On Super Hexagon, and How Games Trick You With Choice
I’ve been reading a lot about Super Hexagon, that simplistic and crazy game created by VVVVVV developer Terry Cavanagh, of late. There has been a lot of deep thinking about the game, comparing it to life with its ever-present obstacles, and death, with its inevitable, abrupt, and unexpected end. Jenn Frank’s piece from Unwinnable is particularly great.
Though I can’t say how deeply a game of flashing lights and lines speaks to me about my greater existential experience, I do think there are some interesting things to think about when it comes to games and choice in the framework of Super Hexagon. While many other games have tried to push forward to present players with more choices, more involvement, and more opportunities to integrate what they see of themselves into the game, Super Hexagon does just the opposite.
Super Hexagon is a game that’s solely about choices — not even skill so much as decision-making. And the challenge of the game is to make effective, fast decisions while Super Hexagon works tirelessly to rob you of your ability to do so.
The gameplay of Super Hexagon is about pushing either left or right in order to move a triangle around a fixed central point. Waves of obstacles come crashing toward the center of the screen, and your job is to move the triangle out of the way of these obstacles; if it impacts one, it’s game over. The goal is to survive as long as possible.
It’s not even a game of skill in many respects. Super Hexagon requires you to move out of the way of these obstacles, but so simple is the design that your only skill is getting a handle on how fast the triangle cursor moves when you touch a key. Really, what you’re doing is making decisions: left, or right? Left, or right? Further, Super Hexagon doesn’t even always make one of these decisions “wrong” and the other “correct” — often, you’ll find you can accidentally go right when you meant left, and still wind up safe. It’s more often that the game rewards being definitive in your choice. Hesitation is the real cause of failure in many cases.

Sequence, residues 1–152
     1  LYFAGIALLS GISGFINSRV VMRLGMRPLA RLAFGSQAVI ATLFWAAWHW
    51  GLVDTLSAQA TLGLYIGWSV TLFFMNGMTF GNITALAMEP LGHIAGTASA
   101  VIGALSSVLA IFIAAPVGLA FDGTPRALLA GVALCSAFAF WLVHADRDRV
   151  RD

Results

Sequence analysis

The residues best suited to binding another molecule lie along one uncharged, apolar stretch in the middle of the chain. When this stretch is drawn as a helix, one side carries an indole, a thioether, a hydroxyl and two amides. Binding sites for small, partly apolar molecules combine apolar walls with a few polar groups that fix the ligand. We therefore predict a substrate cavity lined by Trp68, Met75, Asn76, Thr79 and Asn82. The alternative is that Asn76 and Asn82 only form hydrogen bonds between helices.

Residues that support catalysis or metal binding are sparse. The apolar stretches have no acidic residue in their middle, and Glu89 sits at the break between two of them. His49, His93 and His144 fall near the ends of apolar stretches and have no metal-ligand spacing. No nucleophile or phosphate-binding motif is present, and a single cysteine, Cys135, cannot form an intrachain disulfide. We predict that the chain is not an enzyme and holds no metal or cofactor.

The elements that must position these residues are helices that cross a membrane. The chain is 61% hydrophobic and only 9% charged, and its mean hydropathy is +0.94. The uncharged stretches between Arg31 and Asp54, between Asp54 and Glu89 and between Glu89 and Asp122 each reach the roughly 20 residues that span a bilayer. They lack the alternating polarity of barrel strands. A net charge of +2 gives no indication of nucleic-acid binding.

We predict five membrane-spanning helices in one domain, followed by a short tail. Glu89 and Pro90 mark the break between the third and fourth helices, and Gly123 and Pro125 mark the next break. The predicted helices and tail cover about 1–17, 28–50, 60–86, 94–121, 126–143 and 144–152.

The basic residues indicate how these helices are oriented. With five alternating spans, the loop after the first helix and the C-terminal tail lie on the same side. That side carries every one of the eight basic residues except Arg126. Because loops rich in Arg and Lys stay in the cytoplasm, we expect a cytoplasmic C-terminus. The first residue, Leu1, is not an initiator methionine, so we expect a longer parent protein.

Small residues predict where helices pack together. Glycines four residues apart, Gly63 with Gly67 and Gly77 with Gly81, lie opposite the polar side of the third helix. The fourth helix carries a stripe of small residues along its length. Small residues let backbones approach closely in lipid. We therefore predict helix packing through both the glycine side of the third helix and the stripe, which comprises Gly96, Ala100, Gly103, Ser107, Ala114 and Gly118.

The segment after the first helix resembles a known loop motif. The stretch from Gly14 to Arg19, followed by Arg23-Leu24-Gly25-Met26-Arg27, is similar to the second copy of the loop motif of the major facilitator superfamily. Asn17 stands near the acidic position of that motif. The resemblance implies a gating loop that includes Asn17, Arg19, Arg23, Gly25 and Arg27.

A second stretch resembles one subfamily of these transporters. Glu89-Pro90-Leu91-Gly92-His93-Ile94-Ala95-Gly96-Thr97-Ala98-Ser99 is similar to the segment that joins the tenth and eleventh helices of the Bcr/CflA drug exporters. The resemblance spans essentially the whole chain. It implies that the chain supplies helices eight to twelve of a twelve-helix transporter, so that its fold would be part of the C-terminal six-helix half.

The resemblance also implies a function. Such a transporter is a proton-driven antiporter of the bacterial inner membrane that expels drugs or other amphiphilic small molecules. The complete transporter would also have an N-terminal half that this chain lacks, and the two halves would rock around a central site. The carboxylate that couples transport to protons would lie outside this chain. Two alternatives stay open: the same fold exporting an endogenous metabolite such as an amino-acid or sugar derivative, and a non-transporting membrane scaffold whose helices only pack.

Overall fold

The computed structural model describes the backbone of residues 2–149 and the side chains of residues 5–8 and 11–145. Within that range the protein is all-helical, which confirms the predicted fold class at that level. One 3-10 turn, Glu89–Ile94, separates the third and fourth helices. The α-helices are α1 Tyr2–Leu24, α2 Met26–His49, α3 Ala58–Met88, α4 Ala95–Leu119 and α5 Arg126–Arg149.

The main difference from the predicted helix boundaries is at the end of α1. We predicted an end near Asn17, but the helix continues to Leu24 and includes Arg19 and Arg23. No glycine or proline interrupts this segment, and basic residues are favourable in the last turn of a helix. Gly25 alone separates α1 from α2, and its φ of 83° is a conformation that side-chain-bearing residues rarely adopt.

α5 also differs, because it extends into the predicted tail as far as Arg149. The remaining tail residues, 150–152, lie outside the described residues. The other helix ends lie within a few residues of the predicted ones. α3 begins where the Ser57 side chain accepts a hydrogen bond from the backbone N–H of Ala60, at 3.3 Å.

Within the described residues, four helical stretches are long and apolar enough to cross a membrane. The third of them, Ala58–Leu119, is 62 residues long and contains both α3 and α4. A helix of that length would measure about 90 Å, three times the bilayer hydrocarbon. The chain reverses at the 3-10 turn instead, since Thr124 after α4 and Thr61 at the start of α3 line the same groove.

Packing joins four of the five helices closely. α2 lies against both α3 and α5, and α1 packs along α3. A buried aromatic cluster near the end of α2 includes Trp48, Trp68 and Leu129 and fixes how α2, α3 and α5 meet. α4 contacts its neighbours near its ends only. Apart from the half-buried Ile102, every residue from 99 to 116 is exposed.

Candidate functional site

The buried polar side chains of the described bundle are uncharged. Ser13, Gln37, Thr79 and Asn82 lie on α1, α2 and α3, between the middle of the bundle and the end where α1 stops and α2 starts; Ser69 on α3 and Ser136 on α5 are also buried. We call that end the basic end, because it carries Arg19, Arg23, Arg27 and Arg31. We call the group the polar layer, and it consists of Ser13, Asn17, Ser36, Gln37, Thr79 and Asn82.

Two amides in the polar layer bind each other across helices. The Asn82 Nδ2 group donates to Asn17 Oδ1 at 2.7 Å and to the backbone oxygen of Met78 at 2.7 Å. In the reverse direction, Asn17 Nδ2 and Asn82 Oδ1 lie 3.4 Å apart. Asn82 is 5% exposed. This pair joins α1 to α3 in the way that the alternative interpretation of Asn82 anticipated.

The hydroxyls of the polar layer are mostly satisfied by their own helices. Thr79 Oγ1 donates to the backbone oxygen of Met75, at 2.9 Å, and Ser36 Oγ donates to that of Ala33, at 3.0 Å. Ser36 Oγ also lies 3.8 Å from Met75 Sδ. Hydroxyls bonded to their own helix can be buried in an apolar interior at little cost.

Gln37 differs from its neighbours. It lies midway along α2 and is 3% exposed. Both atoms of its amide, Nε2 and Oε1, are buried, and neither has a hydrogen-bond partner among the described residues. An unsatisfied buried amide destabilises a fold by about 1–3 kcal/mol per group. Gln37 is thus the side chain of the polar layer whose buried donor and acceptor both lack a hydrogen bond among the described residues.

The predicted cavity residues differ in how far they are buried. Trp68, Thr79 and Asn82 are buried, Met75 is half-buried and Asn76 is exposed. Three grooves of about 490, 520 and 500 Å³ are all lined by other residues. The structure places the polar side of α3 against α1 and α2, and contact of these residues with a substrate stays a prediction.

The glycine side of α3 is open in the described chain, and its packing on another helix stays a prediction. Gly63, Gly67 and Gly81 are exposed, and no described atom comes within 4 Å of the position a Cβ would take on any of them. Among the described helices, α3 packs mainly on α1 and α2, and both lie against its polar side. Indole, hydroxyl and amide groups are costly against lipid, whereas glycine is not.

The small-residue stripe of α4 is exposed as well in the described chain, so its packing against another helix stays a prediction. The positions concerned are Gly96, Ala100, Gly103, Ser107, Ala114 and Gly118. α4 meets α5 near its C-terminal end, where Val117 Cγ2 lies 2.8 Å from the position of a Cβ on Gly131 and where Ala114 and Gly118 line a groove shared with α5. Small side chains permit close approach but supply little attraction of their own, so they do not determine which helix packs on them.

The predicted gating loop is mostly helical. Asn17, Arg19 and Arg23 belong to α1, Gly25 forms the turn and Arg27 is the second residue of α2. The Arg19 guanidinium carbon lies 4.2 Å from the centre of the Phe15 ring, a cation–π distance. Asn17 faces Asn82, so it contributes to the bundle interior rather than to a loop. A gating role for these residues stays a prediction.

So Super Hexagon is a game about decisions, more than choices, and your game resets when a choice doesn’t work out. But while Super Hexagon constantly wants you to make those decisions, and rewards you for making them swiftly and definitively instead of weighing too much information, it’s also constantly lying to you. It’s not a rhythm game, for example, but it looks and sounds like one. If you focus too heavily on the music in the game and try to play according to the rhythm, you’ll soon find that the beat and motion of the game aren’t necessarily the same as the distances and speed you’ll need to survive.
The plane of the game shits and tilts as well, to play with your sense of reality and distance. The flashing colors are meant to confuse you. The constant, randomized spinning forces you to lose track of your own motion by screwing with relative distances and dimensions. The entire game is designed to rob you of your ability to make smart decisions quickly; it is a game that is actively attempting to rob you of your free will.
As humans, we’re built to gather and decode information from the world around us, and use it to decide how to act. Games are coming to take advantage of this idea more and more; we’re even seeing “choice” factor into titles known for being strictly linear experiences, such as Call of Duty: Black Ops 2. Developers and players see these choices as an expression of freedom and player control — you making your mark on the game world, or you crafting the experience to your liking.